OPINION: Net neutrality is necessary


Phoebe Monsour

Since its conception, the internet has been a place where people and organizations could communicate, express their views and opinions, and expose one another to different perspectives. When accessing the internet, people can find, view and comment on whatever content they choose. This ability is the basis of net neutrality.

Simply put, net neutrality is the idea that network providers cannot prioritize, censor, or otherwise tamper with any legal content that their customers attempt to access on the internet.

Net neutrality is currently ensured for all by a policy passed in 2015 by the Federal Communications Commission (FCC). This policy holds broadband providers under “common carrier” regulations, forbidding them from tampering with what their customers wish to access online and protecting the existence of a free and open internet. Recently, this freedom has come under fire.

The FCC proposed new rules that would “reverse the FCC’s 2015 decision to impose heavy-handed Title II utility-style government regulation on Internet service providers.”

The current chairman of the FCC, Ajit Pai, believes that these regulations are hindering competition between internet service providers. According to Pai’s biography on the FCC website, he believes that “consumers benefit most from competition, not preemptive regulation. Free markets have delivered more value to American consumers than highly regulated ones.”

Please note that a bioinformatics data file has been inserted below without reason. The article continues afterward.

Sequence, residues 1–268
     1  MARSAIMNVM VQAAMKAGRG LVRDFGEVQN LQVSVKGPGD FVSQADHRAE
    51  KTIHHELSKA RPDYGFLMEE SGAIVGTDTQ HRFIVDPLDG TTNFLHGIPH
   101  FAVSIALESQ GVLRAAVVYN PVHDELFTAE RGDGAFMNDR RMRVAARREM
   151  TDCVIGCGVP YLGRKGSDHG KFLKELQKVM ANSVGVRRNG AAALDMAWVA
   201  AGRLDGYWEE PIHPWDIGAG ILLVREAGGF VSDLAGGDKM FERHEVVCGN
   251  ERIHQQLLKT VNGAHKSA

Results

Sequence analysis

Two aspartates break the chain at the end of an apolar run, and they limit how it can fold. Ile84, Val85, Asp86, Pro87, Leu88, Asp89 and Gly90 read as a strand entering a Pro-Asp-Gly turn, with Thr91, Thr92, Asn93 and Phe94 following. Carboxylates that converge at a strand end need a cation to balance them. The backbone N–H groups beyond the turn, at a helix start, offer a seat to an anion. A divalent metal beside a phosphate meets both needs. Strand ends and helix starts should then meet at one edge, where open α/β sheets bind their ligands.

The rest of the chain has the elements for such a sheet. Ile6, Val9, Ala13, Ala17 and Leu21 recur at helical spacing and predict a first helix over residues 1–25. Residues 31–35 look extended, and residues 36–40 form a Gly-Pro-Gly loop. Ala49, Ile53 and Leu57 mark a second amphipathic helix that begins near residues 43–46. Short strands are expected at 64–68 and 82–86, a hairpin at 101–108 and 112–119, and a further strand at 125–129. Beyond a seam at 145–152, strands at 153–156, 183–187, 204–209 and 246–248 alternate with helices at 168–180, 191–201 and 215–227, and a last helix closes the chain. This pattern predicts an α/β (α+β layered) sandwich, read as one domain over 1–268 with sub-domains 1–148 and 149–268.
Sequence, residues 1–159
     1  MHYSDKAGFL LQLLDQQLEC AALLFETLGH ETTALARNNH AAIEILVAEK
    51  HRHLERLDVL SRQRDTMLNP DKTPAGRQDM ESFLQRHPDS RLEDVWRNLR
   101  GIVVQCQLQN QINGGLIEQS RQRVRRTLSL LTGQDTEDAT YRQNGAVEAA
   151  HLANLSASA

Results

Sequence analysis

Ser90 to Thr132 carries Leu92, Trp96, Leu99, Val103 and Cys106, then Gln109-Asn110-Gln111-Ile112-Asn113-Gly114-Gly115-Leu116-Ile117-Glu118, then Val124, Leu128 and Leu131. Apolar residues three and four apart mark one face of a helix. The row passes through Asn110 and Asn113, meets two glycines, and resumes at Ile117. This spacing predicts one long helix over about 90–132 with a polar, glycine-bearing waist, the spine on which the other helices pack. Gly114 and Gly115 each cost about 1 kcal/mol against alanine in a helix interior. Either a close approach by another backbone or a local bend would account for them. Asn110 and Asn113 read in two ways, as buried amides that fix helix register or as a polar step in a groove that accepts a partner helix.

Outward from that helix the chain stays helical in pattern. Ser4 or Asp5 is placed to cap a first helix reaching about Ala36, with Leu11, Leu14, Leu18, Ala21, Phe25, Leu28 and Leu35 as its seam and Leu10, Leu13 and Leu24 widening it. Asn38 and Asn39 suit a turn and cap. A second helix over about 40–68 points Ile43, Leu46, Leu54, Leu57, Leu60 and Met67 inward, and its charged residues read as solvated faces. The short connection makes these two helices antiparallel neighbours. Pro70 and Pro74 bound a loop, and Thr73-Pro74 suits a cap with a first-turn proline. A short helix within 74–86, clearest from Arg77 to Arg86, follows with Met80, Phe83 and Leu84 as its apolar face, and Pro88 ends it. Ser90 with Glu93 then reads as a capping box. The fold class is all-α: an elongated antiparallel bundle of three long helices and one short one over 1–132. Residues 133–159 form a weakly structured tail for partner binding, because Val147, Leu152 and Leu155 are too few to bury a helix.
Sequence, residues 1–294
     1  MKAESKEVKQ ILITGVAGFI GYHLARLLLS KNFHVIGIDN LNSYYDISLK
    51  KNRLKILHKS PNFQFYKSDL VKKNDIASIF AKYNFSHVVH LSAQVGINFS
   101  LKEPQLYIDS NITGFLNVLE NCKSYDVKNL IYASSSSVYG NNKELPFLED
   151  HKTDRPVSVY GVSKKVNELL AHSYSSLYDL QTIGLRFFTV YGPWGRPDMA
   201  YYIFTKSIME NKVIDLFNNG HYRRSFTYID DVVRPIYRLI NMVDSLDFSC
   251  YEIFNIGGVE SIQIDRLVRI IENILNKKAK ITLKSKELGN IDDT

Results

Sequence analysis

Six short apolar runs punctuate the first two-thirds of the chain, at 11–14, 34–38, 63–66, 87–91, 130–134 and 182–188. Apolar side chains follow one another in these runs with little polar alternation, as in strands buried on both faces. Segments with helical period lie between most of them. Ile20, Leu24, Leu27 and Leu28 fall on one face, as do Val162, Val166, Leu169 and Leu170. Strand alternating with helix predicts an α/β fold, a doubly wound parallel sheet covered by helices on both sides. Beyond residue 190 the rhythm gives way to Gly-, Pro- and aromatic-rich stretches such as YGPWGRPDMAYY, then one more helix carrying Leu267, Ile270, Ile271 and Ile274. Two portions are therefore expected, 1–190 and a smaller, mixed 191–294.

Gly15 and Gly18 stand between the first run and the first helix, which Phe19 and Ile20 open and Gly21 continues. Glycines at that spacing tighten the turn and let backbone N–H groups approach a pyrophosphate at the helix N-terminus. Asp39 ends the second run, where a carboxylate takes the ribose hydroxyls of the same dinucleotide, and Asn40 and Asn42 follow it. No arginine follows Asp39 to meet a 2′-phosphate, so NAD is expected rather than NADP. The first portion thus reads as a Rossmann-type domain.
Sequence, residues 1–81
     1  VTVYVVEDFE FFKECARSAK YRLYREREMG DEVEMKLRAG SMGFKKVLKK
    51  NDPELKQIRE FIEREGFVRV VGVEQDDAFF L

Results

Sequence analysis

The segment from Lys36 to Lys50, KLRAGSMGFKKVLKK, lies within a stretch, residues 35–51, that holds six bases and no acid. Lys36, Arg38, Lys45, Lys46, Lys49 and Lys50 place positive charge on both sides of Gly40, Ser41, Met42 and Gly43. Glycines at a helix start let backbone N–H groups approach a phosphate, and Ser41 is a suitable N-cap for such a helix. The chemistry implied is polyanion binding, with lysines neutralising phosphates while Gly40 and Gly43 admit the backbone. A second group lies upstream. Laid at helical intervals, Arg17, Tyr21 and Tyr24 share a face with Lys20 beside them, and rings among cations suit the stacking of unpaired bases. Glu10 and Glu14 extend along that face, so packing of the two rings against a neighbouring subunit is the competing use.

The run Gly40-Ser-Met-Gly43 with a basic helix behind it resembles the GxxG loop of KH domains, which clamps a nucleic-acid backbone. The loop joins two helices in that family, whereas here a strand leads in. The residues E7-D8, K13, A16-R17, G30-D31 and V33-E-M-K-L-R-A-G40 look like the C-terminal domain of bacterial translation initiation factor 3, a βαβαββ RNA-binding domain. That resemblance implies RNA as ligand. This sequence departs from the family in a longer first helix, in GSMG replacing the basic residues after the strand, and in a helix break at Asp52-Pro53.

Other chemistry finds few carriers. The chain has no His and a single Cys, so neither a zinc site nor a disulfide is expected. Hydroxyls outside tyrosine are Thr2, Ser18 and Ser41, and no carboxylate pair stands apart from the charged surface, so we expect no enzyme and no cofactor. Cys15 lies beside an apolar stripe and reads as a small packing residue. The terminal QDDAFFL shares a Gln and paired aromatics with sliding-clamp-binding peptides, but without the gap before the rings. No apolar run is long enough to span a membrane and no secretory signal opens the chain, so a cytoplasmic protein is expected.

While it is true that a free market usually compels companies to work for the benefit of customers who would otherwise switch brands, a problem arises when these providers are dealing in information. With the current regulations in place, internet users can access content from any source, including the competitors of their current service provider. In a free internet, consumers can compare the quality of service providers with personal reviews and company data. Essentially, net neutrality supports a free market and competition, and without it, internet providers could block access to any information regarding their competitors or anything that portrays them in a negative light.

In addition to this, net neutrality also supports free expression on the internet. Without common carrier restrictions, internet service providers could also block, slow down or otherwise inhibit any content that expresses an opinion that is at odds with the company’s official viewpoints, or that it deems “controversial.”

The potential for providers to block unfavorable content is not just a hypothetical problem. Before the FCC’s regulations in 2015, there were examples of internet providers tampering with their consumers’ ability to access certain types of information. AT&T, Comcast and Verizon Wireless have all attempted to interfere with information at some point or another, according to the American Civil Liberties Union.

If the FCC’s current plan to dispose of common carrier regulations manages to succeed, the freedom of expression and information U.S. citizens have come to expect on the internet will be in jeopardy. People need to express their views on the proposal so the FCC knows how the public feels about this issue. Since the time has passed to file FCC complaints, the best course of action is for citizens to contact their senators and representatives. The internet should remain free.